"(b) enable effective and continuous international monitoring in Kosovo by the European Community Monitoring Mission and diplomatic missions accredited to the Federal Republic of Yugoslavia, including access and complete freedom of movement of such monitors to, from and within Kosovo unimpeded by government authorities, and expeditious issuance of appropriate travel documents to international personnel contributing to the monitoring;
"(c) facilitate, in agreement with the UNHCR and the International Committee of the Red cross (ICRC), the safe return of refugees and displaced persons to their homes and allow free and unimpeded access for humanitarian organizations and supplies to Kosovo;
"(d) make rapid progress to a clear timetable, in the dialogue referred to in paragraph 3 with the Kosovo Albanian community called for in resolution 1160 (1998), with the aim of agreeing confidence-building measures and finding a political solution to the problems of Kosovo;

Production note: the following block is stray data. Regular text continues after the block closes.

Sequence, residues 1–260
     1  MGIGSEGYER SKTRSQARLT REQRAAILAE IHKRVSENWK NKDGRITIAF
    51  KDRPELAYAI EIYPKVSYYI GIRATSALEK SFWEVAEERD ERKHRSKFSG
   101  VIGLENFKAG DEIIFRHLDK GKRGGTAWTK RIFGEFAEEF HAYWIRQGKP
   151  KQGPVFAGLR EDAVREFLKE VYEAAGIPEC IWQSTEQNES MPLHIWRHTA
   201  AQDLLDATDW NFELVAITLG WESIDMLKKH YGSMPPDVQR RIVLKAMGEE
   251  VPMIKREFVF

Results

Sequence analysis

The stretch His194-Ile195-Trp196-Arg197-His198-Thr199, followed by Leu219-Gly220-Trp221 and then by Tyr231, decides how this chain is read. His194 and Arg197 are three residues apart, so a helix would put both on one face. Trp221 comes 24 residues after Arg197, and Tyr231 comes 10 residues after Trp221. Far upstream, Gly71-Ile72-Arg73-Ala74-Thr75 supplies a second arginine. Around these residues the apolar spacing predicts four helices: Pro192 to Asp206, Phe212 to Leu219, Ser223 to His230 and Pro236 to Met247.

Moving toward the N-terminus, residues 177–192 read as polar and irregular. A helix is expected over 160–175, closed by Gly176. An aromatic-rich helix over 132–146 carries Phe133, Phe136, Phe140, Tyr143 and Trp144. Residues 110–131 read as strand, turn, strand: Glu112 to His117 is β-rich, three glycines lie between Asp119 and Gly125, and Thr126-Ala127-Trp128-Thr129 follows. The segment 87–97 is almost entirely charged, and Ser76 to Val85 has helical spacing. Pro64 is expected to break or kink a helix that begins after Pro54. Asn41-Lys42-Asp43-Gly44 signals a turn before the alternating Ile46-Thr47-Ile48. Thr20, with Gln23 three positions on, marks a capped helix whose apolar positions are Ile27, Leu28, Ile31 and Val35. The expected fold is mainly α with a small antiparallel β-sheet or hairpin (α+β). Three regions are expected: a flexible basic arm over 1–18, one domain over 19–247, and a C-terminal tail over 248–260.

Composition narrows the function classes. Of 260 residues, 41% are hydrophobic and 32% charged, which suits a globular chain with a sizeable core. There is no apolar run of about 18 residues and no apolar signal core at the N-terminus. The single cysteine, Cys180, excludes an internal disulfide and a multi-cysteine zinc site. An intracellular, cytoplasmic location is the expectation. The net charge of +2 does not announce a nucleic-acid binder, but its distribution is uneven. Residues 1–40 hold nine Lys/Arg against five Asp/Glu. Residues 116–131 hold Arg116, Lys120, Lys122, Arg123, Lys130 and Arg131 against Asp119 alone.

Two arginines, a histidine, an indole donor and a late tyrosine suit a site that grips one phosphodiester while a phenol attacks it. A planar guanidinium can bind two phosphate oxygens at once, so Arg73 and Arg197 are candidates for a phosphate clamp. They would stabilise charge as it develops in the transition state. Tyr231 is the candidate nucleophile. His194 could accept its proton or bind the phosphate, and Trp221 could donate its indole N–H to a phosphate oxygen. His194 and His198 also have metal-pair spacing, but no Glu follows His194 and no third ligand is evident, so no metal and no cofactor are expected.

"5. Notes in this connection, the commitments of the President of the Federal Republic of Yugoslavia, in his joint statement with the President of the Russian Federation of 16 June 1998:
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"(a) to resolve existing problems by political means on the basis of equality for all citizens and ethnic communities in Kosovo;
"(b) not to carry out any repressive actions against the peaceful population;
"(c) to provide full freedom of movement for and ensure that there will be no restrictions on representatives of foreign States and international institutions accredited to the Federal Republic of Yugoslavia monitoring the situation in Kosovo;